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Trying to install my new ecobee SmartThermostat. Furnace is a Trane heat pump, 20 years old from when the house was built.

When I looked at the existing thermostat, it has RGWY. Existing

So I thought I needed to install the PEK. I went up into the attic and found a wire nutted snarl. Someone probably assumed no one would ever have to look at their work 🤦‍♂️

Anyway, it looks to me like the blue comes from the control box and is tied together with the white wire going to the thermostat, two white wires going back to the control box, and the wire running to the actual furnace.

furnace wiring

I added the labels. If I’m correct here, then what I actually have at the thermostat is GRCY. Does this make sense? Will this work if I use that white wire as C and have no W?

Oh, I also measured the voltage between R and W/C, and it read 28 VAC.

Thanks for the help 😊

Update:

Here is the wiring diagram and control box wiring:

wiring diagram spliced bottom half top half control

Plus the heater wiring and diagram: heater

I pulled the rest of the wire out of the wall and the 4 wires tied back in the furnace are clipped off here, so I could theoretically do some rewriting if necessary.

Update 2: Unwrapping the tape

enter image description here enter image description here

It looks like they have the blue/C jumpered to the white/W using a capacitor.. Weird. I can’t think of any reason they would do that.. Maybe using it as a fuse? I’m so confused, lol

So I think I’m going to take the capacitor out, connect my thermostat C wire to the blue/C going to the AC, leave the white/W without the jumper. Thoughts? Should I leave it in?

Thanks again!

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    Can you post the wiring diagram for your furnace/air-handler please? Jan 30, 2023 at 2:14
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    Photos of the control box wiring could be helpful too. The photos so far show a cable that has 4C visible (green, red, white, yellow -- check for more hidden behind the mounting plate!), while in the blower compartment one cable has 4C (red, white, blue, green) and one seems to be 7C or maybe 8C (red, white, yellow, green, with blue, orange, and one or two others twisted around it). Also look around the furnace for splices; it's possible one of these in the blower is spliced to something else before going to the thermostat.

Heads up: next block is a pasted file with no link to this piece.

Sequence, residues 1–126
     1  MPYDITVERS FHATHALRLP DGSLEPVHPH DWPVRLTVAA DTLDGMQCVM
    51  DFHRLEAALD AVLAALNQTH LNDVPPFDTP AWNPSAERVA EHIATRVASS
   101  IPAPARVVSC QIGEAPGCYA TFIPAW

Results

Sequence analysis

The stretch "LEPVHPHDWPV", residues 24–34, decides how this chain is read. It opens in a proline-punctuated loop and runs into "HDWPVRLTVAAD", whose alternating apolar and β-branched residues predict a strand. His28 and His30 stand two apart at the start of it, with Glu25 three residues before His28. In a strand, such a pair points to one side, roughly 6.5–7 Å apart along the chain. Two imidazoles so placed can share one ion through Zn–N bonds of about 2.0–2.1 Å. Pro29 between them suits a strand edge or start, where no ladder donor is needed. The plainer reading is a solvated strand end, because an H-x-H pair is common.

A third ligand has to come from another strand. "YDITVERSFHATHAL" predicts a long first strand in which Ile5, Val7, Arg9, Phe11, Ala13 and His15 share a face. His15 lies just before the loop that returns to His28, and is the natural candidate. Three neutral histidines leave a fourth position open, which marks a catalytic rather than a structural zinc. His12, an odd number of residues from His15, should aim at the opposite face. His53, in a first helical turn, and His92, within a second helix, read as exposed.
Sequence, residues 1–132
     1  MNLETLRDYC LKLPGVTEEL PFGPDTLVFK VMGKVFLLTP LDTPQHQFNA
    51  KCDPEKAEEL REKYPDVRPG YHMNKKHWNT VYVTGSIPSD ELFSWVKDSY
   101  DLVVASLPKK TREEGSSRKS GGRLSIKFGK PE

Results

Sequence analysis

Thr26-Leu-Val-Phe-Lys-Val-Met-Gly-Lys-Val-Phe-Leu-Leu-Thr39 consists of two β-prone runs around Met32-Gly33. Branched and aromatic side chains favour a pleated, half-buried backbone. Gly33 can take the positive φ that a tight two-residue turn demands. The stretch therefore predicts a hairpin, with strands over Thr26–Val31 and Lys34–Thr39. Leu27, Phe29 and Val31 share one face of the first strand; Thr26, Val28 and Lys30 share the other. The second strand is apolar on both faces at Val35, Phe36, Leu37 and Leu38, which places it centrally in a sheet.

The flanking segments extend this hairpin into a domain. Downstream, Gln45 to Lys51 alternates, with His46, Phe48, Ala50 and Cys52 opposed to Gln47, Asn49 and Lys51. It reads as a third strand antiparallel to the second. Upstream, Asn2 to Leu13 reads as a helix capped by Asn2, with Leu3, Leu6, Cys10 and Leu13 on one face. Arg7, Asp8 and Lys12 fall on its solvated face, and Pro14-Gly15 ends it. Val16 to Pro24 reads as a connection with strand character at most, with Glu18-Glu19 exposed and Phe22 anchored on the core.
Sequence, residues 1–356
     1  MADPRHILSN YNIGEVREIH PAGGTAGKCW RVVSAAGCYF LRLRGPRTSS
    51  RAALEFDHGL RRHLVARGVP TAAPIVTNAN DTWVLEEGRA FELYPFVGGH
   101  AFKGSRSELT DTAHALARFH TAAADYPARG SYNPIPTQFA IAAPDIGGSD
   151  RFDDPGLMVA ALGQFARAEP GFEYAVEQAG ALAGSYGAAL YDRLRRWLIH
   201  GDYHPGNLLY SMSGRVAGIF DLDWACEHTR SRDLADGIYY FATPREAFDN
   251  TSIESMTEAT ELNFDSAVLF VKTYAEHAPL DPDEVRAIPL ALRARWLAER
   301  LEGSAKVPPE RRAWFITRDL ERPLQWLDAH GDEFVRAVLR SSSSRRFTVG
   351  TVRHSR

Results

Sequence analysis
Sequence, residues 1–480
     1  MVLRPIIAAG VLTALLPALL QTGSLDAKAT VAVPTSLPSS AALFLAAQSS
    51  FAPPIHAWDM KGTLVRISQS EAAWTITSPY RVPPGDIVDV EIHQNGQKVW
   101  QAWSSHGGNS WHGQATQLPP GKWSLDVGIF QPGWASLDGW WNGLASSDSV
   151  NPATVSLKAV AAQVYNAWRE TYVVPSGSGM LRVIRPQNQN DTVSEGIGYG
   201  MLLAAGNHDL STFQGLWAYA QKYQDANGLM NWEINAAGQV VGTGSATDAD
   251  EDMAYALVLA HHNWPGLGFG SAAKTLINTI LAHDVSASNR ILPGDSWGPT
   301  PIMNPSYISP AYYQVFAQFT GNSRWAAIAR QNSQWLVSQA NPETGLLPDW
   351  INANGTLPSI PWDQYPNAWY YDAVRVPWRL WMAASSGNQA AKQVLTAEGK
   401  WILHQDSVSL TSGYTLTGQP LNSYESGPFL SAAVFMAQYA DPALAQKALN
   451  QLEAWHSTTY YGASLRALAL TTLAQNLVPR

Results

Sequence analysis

– Greg Hill
    Jan 30, 2023 at 3:18
  • Congrats on taking some "before" pics! Far too many forget that important step. Also, that looks like some pretty standard (if dusty) furnace side wiring. At the low voltages used to control HVAC equipment, it's not that big a deal.
    – FreeMan
    Jan 30, 2023 at 12:32
  • Thanks for the assistance.. I’ve added some more pictures
    – Steve W
    Jan 31, 2023 at 0:50
  • That "low voltage field connection" has three white wires and a blue wire -- are all three of those connected with the two small white wires? It's wrapped in a ball of electrical tape and I can't tell from here. :-(
    – Greg Hill
    Jan 31, 2023 at 3:51

1 Answer 1

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I ended up removing the resistor (or whatever), connected my blue wire from the thermostat to the C/blue bundle and left the white from the thermostat hooked into the white/W.

At the thermostat I hooked in the R, G, Y, C, and W. During initialization it didn’t detect the W, so I manually entered it. I tested both heat and cool, and everything worked fine.

The weird resistor jumper is still a mystery, but now that it’s working and installed, I’m happy to let it lie. Thanks for the suggestions and support!

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    Was going to answer this myself, but you beat me to it :) I'm fairly sure the mystery device was indeed a resistor that was added to provide a bypass path around the heat sequencer coils to power a "power stealing" thermostat without the heat turning on unexpectedly Feb 2, 2023 at 3:59

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